“I’m not really passionate one way or the other, but I think for the fans and the team members and everybody, it seems like it serves a purpose, right?” Josh Berry said. “And that’s to tell the lineup. Like I said, [it’s a] ‘if it’s not broke, don’t fix it’ kind of thing for me.

“Well, I mean listen, [the pylons] are so important that they put them on TV,” Denny Hamlin said.

Hamlin was referring to the tickers used by both FOX and NBC broadcasts, which can display the running order of up to 20 drivers at once.

“You want to be able to see where your driver is at, and that’s why it’s important.”

See also
Xfinity Breakdown: Jesse Love Earns 1st Xfinity Win at Talladega

As for the future? With the pylons removed at both Talladega and Texas, it will be intriguing to see if any other tracks on the schedule follow suit. Regardless of how many are taken down, however, there’s quite a few drivers that hope new ones will be put in their place.

“[Not having one] was a little different, but hopefully we’ll put one back up,” Preece said.

“I hope we go back to scoring pylons, but maybe we’re not going to,” Allgaier said. “In Indianapolis [Motor Speedway], I feel like if they can update and stay with a scoring pylon with the history that they’ve had, I feel like we should maybe follow suit.”

About the author

Stephen Stumpf is the NASCAR Content Director for Frontstretch, and his weekly columns include “Stat Sheet” and “4 Burning Questions.” Stephen also writes commentary, contributes weekly to the “Bringing the Heat” podcast and is frequently at the track for on-site coverage. A native of Texas, Stephen began following NASCAR at age 9 after attending his first race at Texas Motor Speedway.

Follow on Twitter @stephen_stumpf.

Sign up for the Frontstretch Newsletter

A daily email update (Monday through Friday) providing racing news, commentary, features, and information from Frontstretch.com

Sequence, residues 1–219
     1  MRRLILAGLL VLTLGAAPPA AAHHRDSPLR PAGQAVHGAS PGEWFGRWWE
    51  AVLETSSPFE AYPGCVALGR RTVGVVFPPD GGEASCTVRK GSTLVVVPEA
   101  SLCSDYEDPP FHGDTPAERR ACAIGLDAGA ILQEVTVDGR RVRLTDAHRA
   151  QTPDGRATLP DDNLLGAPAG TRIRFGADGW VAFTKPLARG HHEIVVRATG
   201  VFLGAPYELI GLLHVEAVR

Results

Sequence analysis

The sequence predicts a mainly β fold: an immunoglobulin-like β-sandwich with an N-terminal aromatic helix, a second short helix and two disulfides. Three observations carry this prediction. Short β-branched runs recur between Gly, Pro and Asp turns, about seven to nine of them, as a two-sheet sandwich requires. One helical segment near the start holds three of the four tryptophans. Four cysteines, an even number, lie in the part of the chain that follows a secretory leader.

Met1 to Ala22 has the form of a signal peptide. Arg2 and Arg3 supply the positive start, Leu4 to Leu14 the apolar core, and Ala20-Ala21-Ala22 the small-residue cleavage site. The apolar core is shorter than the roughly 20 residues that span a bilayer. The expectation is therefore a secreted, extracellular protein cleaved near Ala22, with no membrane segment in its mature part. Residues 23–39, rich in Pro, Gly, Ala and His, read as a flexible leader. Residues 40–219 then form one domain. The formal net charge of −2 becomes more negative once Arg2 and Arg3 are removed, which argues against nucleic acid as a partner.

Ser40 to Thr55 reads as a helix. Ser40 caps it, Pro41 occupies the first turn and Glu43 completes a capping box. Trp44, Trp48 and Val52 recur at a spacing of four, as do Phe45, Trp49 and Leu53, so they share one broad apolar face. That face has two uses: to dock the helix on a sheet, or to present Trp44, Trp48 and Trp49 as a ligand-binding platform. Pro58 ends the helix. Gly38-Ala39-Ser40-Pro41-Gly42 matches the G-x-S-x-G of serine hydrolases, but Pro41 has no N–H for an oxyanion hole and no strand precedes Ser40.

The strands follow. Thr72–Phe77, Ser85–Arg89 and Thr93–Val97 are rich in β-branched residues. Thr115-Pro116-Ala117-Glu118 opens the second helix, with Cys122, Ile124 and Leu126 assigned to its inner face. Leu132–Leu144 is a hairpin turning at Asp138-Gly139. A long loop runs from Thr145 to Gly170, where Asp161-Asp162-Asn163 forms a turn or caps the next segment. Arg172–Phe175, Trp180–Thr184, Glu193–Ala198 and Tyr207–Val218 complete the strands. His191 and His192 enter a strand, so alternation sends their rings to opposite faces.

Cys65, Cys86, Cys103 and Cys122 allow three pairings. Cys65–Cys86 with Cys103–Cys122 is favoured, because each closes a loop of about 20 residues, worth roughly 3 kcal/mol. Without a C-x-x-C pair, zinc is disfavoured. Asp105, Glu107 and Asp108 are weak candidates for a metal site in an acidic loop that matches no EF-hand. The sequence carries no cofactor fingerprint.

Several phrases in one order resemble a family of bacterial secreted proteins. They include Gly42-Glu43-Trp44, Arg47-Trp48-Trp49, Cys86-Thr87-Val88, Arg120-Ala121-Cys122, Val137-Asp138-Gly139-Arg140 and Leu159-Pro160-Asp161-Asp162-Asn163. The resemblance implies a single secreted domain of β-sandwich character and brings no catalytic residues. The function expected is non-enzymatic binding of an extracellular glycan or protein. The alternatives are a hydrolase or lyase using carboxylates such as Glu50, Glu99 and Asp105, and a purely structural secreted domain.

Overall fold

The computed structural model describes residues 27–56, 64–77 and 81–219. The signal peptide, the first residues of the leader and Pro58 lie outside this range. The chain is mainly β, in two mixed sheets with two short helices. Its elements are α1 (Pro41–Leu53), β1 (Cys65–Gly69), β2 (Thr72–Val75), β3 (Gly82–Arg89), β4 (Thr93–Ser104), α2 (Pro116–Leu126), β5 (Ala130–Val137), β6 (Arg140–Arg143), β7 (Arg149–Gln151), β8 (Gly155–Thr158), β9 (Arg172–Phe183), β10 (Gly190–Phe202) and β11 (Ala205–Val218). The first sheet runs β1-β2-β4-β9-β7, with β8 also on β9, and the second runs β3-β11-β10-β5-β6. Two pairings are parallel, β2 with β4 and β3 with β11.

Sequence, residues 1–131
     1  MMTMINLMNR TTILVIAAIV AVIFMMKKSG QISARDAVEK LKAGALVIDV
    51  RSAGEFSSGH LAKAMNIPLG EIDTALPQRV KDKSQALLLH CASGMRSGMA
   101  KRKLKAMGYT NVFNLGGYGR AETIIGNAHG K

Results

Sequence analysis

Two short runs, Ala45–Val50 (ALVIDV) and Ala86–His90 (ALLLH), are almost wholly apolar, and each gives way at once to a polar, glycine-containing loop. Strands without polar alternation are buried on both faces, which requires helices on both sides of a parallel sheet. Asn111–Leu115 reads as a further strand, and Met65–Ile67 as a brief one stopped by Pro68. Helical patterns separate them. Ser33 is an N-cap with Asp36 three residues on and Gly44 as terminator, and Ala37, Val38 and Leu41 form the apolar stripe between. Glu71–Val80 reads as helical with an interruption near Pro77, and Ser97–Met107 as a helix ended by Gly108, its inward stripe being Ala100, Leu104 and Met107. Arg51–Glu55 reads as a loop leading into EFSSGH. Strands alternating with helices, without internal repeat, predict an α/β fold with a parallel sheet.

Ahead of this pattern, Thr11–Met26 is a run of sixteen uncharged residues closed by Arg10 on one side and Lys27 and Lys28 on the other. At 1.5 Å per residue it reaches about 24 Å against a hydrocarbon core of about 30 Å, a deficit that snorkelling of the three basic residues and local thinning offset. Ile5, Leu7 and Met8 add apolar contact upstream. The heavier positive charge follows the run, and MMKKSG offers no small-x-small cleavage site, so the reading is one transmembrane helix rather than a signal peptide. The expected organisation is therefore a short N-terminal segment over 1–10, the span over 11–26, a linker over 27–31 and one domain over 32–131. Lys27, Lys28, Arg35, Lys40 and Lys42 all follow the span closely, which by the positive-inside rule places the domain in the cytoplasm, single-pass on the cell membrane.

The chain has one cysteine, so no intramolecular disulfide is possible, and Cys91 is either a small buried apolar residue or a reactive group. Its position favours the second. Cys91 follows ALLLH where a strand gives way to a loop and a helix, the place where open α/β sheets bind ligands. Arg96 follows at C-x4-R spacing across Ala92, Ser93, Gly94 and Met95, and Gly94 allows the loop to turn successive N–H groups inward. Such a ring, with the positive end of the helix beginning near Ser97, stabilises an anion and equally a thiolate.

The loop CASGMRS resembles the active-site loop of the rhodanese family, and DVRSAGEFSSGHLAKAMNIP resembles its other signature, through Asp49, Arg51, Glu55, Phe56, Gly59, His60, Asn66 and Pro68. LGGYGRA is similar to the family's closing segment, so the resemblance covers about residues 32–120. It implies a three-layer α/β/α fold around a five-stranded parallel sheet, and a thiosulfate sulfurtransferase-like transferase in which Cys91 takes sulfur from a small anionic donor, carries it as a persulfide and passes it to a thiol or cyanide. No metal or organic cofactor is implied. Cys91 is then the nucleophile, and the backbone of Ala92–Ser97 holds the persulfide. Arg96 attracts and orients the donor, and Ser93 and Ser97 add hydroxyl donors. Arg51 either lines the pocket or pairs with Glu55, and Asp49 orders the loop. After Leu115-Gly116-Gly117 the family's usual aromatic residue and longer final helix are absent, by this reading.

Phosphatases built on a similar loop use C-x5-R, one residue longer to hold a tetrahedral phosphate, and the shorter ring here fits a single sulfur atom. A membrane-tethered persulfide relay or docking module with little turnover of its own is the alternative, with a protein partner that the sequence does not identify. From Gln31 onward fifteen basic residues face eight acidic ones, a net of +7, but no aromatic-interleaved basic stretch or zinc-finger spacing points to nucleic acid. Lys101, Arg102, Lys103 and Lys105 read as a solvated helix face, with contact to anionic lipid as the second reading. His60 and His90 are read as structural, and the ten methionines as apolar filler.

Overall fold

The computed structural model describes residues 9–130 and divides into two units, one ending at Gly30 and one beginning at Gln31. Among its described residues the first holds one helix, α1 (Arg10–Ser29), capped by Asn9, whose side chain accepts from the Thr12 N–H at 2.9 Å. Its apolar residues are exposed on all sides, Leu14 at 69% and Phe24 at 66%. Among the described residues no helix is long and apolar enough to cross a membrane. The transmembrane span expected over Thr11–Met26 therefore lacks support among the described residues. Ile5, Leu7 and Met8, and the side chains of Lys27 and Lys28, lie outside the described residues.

We hate spam. Your email address will not be sold or shared with anyone else.

Inline Feedbacks
View all comments

What is the purpose or reason for taking them down?

Robert B

According to article in Jayski NASCAR wants folks to use their app to keep up with the race. Article also said the pylons have been removed at Bristol and Watkins Glen.

Jill P

If you’re going to be on your phone a good part of the race, why bother attending in person?


Totally agree, Jill. When we went to races, we had headsets & a scanner so we could listen to MRN or the drivers radio but I relied on the pylon so I could see where drivers were in the field.

I don’t want to be on my phone during the race, I want to watch it real time!


When the Xfinity race started yesterday, FOX was slow posting the running order under the lap counter. For a brief second I thought about the pylons being removed from some tracks. Glad I didn’t have to download an app to know the running order. (Insert Sarcasm).


Thought I saw a comment from an ” official ” that running order is displayed on the video panels for the spectators. Guess the drivers using it didn’t come to mind.
Hard to put advertising on the pylon, too.


It could be that the Brain Trust realized that the cone was another controversial useless idea and couldn’t make any money off it unlike the GEICO RESTART ZONE!

Share via